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Special Edition Using TCP/IP, Second Edition by NIIT

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Subnetting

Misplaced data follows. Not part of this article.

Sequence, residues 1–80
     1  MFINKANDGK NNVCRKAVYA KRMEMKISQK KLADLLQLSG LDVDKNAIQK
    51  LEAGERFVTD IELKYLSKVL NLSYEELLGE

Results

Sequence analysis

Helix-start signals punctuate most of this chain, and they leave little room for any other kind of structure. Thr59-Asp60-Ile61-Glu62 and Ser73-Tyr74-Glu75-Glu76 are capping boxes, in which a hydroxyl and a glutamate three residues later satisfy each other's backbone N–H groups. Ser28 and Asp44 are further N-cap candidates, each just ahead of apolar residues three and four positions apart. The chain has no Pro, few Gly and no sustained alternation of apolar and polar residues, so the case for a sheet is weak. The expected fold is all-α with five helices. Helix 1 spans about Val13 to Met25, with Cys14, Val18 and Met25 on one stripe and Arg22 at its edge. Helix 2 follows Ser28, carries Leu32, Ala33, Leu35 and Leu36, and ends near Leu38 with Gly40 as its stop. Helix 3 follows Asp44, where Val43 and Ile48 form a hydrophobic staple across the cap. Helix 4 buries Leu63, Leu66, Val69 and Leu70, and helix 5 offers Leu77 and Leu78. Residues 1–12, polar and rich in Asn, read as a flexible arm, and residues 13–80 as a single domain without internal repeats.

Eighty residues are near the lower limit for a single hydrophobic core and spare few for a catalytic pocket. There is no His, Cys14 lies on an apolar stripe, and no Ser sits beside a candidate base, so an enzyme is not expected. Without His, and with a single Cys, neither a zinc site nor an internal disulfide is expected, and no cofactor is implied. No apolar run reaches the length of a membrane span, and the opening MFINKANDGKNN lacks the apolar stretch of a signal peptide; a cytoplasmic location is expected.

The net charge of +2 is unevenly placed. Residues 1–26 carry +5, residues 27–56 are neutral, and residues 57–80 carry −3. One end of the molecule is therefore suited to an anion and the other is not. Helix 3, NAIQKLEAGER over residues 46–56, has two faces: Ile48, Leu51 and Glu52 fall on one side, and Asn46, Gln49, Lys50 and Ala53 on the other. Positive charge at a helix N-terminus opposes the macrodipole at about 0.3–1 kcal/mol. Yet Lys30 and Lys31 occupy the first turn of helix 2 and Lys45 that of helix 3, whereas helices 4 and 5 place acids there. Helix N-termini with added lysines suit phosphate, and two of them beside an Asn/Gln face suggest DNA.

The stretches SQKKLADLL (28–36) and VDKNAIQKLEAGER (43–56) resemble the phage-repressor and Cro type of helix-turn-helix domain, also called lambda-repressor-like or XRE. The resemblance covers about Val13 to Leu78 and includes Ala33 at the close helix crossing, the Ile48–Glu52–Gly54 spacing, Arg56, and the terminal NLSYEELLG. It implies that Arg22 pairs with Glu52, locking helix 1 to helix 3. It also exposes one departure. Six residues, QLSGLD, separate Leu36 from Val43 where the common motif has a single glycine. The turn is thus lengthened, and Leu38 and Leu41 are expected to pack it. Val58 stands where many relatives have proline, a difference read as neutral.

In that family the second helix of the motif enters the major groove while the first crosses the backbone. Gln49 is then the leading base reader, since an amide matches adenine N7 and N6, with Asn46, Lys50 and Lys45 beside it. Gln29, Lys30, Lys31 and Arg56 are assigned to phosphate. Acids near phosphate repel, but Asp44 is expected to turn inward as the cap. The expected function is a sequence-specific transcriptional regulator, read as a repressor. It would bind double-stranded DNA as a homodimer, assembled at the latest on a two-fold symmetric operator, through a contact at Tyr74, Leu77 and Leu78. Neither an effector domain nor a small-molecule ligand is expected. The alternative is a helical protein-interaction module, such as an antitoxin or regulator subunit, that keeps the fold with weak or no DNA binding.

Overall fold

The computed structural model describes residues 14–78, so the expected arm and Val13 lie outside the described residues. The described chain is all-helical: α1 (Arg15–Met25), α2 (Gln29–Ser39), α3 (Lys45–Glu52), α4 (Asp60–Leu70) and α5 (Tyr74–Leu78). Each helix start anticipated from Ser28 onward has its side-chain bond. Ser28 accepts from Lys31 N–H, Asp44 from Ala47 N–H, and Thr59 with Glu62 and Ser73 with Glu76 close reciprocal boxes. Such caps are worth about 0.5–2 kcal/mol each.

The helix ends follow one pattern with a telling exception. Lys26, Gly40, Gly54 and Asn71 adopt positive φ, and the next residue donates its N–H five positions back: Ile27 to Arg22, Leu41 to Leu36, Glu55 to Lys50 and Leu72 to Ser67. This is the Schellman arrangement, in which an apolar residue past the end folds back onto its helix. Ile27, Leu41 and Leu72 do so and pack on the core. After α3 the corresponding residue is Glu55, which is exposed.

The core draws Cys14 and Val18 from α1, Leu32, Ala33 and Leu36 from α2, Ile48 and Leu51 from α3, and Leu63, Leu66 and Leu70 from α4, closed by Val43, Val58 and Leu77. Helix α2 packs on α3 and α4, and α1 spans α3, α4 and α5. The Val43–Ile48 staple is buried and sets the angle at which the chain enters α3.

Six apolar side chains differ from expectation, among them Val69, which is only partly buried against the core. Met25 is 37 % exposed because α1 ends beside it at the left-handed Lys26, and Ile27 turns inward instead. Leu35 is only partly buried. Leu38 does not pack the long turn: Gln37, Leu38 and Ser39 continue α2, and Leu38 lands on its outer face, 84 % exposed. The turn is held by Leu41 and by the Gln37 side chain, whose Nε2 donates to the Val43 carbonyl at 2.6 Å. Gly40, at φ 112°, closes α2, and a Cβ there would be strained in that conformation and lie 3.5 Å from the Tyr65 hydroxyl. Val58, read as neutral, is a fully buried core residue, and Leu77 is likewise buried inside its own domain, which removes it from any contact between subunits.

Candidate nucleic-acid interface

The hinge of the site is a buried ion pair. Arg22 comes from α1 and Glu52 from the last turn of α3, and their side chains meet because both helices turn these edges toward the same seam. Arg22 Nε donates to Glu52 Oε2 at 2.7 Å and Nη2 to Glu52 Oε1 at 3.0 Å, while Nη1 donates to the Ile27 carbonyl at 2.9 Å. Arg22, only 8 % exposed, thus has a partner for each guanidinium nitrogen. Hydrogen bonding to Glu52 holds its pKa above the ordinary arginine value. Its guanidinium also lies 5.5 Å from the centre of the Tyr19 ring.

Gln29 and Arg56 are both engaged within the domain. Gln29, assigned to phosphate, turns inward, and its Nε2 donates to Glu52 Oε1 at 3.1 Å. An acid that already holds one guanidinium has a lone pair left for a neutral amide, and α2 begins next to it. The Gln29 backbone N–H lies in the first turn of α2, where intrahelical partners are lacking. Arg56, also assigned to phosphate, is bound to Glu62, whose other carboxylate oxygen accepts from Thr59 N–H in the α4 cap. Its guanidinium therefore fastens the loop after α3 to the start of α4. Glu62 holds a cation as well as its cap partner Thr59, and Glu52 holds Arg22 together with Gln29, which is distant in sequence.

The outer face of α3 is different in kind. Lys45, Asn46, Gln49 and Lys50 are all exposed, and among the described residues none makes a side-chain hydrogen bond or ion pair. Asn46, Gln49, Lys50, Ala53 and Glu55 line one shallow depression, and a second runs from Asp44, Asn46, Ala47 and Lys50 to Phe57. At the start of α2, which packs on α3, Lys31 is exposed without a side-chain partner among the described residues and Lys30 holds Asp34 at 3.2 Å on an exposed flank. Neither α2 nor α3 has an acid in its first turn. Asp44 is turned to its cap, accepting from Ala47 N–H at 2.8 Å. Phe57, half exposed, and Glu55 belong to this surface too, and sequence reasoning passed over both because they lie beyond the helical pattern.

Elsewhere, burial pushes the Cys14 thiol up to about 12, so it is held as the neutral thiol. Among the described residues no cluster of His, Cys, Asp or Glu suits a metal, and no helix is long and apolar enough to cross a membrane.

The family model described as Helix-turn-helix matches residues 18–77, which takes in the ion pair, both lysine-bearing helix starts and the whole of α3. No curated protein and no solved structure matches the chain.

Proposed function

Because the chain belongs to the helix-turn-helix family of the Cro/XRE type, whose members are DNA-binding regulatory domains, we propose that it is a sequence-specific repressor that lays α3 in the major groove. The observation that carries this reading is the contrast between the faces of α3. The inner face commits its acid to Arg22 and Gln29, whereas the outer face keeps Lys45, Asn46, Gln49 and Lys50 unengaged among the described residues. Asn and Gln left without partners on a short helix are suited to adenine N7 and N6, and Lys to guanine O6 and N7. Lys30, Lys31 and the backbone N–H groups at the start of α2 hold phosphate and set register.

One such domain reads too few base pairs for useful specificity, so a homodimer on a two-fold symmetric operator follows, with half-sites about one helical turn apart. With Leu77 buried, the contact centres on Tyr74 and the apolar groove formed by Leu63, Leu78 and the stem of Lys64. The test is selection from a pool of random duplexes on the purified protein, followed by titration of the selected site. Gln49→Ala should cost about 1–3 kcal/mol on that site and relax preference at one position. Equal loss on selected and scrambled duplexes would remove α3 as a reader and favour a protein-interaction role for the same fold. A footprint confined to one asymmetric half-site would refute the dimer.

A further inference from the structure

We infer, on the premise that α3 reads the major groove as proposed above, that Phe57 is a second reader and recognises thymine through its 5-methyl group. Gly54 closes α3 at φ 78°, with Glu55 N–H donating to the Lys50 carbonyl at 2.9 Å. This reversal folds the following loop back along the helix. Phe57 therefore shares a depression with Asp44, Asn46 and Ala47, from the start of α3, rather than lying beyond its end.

An IP address can be logically divided into two components: network ID and the host ID. The number of bits that are used to identify the network depends on the address class used. For example, if an organization has been assigned a class B address, the number of bits that can be locally administered by the organization is 16 bits. Therefore, a total of 216–2 (216–2) hosts can be connected to this network, which will be sufficient for the current requirements of the organization. However, if the organization requires multiple networks for its operations, it needs to acquire more Class B addresses based on its requirements. Instead of obtaining more class B addresses, the organization can divide the class B address that has been ...

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